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Hollywood mourns cartoon legend
BBC News
Saturday, 23 February, 2002, 13:04 GMT

Jones made more than 300 cartoons
Jones made more than 300 cartoons

Oscar-winning cartoon animator Chuck Jones, who brought to life a host of cartoon characters including Bugs Bunny and Daffy Duck, has died in California of heart failure.

He was 89.

A family statement said that Mr Jones' wife Marian was at his side in their home in the town of Corona del Mar when he died.

Carrot-chomping Bugs Bunny was his most famous character Carrot-chomping Bugs Bunny was his most famous character

He made more than 300 cartoons and won three Oscars for his work as director in the Looney Tunes stable.

In 1996 he was awarded an honorary Oscar for lifetime achievement in the field of animation.

Born in 1912 in Spokane, Washington state, Chuck Jones' first experiences of Hollywood were as a child actor in silent films.

After attending art school, he found his first job as an animator in the studio of former Disney cartoonist Ubbe Iwerks.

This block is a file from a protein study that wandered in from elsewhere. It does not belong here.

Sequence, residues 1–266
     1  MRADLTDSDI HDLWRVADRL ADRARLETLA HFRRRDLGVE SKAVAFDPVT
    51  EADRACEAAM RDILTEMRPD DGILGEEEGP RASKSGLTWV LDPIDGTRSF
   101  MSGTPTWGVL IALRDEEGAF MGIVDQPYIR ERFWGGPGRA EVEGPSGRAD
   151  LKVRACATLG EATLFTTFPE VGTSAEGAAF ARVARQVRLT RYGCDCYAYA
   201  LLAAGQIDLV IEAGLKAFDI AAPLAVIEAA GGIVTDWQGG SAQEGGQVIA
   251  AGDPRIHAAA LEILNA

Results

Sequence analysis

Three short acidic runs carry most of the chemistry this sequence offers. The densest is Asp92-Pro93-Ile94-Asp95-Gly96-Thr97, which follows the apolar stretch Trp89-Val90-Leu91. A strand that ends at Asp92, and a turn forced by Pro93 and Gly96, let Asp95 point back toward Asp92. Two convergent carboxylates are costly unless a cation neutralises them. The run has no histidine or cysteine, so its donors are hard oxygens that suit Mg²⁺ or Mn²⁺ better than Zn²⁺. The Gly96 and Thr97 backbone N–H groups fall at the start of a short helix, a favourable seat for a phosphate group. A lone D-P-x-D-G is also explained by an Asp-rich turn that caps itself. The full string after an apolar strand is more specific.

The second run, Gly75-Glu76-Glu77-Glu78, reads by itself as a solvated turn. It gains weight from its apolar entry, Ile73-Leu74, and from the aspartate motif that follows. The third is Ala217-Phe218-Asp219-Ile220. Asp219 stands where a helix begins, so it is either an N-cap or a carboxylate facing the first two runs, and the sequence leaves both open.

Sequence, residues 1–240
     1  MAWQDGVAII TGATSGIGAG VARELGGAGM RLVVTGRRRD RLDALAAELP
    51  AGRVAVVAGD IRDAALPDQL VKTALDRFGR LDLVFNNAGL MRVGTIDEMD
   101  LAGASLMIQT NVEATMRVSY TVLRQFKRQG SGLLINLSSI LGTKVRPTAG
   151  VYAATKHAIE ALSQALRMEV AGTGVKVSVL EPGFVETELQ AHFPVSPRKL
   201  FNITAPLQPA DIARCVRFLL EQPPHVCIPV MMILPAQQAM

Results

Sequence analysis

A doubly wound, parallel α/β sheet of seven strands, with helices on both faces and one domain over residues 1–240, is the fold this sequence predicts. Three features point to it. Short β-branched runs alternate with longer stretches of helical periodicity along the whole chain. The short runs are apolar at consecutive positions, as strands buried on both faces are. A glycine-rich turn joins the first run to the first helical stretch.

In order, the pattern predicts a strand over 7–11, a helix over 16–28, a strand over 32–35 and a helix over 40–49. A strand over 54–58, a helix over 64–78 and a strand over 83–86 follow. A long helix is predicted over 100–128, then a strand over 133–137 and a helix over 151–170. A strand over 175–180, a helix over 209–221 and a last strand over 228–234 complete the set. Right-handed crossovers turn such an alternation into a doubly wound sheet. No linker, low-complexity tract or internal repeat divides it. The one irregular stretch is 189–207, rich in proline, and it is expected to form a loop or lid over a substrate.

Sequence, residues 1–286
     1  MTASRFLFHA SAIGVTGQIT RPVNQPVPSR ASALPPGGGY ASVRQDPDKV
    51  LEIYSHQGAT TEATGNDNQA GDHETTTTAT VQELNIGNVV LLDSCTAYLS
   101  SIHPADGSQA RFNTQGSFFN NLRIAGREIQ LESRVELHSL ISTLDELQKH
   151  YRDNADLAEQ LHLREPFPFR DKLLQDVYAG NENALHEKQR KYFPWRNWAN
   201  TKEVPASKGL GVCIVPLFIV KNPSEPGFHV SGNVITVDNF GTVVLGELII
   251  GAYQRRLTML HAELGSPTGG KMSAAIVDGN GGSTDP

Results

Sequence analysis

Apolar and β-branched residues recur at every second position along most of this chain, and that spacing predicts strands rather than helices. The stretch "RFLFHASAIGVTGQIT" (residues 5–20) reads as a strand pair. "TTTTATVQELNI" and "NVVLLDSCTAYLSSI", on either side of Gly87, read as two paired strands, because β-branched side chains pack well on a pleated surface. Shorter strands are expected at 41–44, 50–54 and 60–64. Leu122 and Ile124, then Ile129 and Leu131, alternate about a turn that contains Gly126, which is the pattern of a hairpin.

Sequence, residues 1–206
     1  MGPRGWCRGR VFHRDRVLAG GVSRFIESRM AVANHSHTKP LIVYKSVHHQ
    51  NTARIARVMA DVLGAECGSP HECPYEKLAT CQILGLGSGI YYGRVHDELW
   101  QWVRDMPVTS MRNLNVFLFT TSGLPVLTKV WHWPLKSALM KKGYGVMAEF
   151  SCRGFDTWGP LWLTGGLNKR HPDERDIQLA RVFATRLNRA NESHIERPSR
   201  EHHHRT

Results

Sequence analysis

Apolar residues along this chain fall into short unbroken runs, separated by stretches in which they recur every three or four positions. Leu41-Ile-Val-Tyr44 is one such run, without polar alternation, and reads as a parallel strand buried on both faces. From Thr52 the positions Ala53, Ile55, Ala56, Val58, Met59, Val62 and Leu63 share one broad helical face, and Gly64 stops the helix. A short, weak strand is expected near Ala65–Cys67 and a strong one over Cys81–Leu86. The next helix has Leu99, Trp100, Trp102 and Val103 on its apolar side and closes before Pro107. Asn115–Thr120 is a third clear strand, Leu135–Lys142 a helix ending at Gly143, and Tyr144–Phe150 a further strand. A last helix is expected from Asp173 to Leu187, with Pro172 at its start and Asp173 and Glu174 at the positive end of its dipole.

Daffy Duck was not happy in Bugs' shadow Daffy Duck was never happy in Bugs' shadow

However it was his move in 1936 to fellow animator Leon Schlesinger's studio, later bought by Warner Bros, that proved to be the highlight of his career.

During the so-called "Golden Age" of animation in the 1930s and 1940s, he helped develop such well-known characters as Daffy Duck and Bugs Bunny.

He also created his own group of distinctive characters, including the hapless Wile E Coyote and his tormentor Road Runner.

Chuck Jones' characters got the postal service stamp of approval Jones' creations got the postal service stamp of approval

In contrast to the often sentimental world of Disney, Jones' cartoons gave a wit and dark humour to their two-dimensional characters, which were often aimed as much at adults as they were at children.

Following the closure of Warner Bros' animation studio in 1962, Jones moved to MGM Studios where he brought his now trademark wit to their Tom and Jerry cartoons and directed the animation short The Dot and the Line, for which he won an Oscar.

Later he established his own production company and went into business selling images from the cartoons he had created.

He is survived by his wife, daughter Linda, three grandchildren and six great-grandchildren.

The BBC's Greg Morsbach
"He brought to life a whole family of unforgettable cartoon characters"

Chuck Jones

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